• These encompass the use of proceeds, the evaluation procedure, the management of proceeds, and financial reporting.
  • Globally, there have been serious debates about whether the projects targeted by green bond issuers are green enough. There have been controversies too.

For instance, Reuters a few months back reported how activists were claiming that the proceeds of the French utility GDF Suez’s $3.4 billion green bond issue were being used to fund a dam project that hurts the Amazon rainforest in Brazil.

Therefore, these guidelines issued by the International Capital Market Association are lacking in specifics, leading to a lack of consensus on what classifies as a green bond.

  1. There could also be a currency risk:

From an Indian perspective, a challenge of making investors subscribe could be the tenor and rating of green bonds.

  • The downside is that green bonds in India have a shorter tenor period of about 10 years in India whereas a typical loan would be for minimum 13 years. This is less when compared to many international issuances.
  • Many target buyers of Indian green bonds may not invest in any bonds that are rated lower than the AAA-.


The way ahead: Developing a green bond market

  • Green bonds have been around for a decade but regulation and investment in them is still minuscule compared to the total market for debt mainly on account of lack of green bond standards, low credit rating of potential issuers, and higher cost of issuance.
  • Fossil fuels have always enjoyed huge subsidies throughout their history (namely, subsidised diesel, kerosene and gas) and have contributed to environmental degradation and global warming, it is now apt that clean energy initiatives get equitable treatment.
  • The government essentially needs to increase the funds available for investment in green projects, by providing for specific tax incentives and development of long-term finance markets in general.

Some of the key actionable steps would be

  1. changing Insurance Regulatory and Development Authority norms for size of investment for insurance companies,
  2. creating mandates for provident funds to invest in infrastructure and environmentally sustainable projects,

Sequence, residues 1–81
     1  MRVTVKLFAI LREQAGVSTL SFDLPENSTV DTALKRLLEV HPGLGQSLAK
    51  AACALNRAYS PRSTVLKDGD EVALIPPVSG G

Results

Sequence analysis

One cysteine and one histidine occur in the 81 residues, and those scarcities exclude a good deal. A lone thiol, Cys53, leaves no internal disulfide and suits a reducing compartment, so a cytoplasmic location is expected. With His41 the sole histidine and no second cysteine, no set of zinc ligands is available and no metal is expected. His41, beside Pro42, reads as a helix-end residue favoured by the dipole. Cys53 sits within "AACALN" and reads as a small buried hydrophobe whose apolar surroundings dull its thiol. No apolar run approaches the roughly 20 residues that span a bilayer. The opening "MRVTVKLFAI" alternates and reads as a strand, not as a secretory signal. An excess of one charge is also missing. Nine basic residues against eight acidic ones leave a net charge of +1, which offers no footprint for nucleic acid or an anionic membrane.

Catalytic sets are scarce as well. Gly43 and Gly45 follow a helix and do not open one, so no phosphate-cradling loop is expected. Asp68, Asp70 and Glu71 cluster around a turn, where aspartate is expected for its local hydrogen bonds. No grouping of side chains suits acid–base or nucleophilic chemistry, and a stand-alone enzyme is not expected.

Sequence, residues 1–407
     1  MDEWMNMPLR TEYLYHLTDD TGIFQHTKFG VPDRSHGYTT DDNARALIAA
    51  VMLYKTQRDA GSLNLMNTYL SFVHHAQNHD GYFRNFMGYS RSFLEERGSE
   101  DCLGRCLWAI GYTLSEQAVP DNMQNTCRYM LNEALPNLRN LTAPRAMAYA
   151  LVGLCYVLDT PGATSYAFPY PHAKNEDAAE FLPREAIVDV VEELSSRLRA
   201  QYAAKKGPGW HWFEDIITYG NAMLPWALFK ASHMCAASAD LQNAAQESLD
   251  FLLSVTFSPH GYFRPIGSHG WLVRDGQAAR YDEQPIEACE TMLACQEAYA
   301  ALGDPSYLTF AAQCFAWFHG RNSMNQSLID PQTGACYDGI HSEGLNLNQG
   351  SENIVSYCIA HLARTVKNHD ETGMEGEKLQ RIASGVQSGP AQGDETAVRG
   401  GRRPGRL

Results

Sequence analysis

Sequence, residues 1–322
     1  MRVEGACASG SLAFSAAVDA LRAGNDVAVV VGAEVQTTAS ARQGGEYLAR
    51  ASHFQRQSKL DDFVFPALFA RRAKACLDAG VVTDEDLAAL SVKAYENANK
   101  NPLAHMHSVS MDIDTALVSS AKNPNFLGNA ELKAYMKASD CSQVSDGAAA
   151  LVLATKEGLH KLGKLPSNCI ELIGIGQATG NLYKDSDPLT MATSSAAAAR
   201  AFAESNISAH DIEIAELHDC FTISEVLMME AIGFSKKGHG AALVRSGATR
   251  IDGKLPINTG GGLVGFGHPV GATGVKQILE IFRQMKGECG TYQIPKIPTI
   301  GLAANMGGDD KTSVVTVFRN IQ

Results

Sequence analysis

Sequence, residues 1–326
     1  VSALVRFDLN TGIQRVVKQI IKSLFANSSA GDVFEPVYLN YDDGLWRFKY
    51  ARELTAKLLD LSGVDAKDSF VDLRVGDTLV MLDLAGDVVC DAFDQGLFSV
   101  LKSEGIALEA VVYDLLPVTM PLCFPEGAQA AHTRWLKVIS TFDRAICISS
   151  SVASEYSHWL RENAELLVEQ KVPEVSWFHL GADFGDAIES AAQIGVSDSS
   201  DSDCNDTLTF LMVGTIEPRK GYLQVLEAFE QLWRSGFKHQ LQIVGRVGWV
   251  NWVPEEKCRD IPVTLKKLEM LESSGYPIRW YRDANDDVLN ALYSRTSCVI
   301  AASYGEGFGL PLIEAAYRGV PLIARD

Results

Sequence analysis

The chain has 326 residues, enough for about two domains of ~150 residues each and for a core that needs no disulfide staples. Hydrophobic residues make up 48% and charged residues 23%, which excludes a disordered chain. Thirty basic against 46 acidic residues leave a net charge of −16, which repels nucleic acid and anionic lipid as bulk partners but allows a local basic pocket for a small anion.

3. increasing the priority sector lending limit for bank loans under solar energy from a meagre Rs.15 crore,
  4. standardising the definition of green to be able to target government efforts in the direction, and
  5. mobilising retail savings by way of tax exemption on the lines of Section 80CCF.


For the green bond market to have long-term credibility, investors and governments would need evidence that the projects funded have in fact delivered the intended environmental benefits.

The Indian government can lead the global push towards green by taking three steps to reduce our races’ carbon footprint: standardise “green” bonds as a way to finance environmentally sustainable projects, provide incentives to investing in projects funded by a carbon tax on polluting sources of energy and, finally, increase funds channelled towards investing in environmentally sustainable projects.

Connecting the dots:

  1. What are green bonds? Examine how Green Bonds can give a fillip to India’s renewable energy goals.





General Studies 2

  • Government policies and interventions for development in various sectors and issues arising out of their design and implementation.

General studies 3

  • Security challenges; Science and Technology – developments and their applications and effects in everyday life


Too cagey about sharing geospatial data


  • The draft of the Geospatial Information Regulation Bill 2016 was released recently
  • It makes mandatory to take permission from a government authority before acquiring, disseminating and publishing or distributing any geospatial information of India.
  • Geospatial information is data referenced to a place—a set of geographic coordinates—which can often be gathered, manipulated, and displayed in real time.
    • It includes geospatial imagery or data acquired through space or aerial platforms such as satellite, aircrafts, airships, balloons, unmanned aerial vehicles, digital or graphic data depicting natural or man-made physical features, phenomenon or boundaries of the earth.

Why: The objectives were aimed to protect the sovereignty, integrity and security of India. However, its provisions are extremely wide in their scope and ambit.

Practice till now: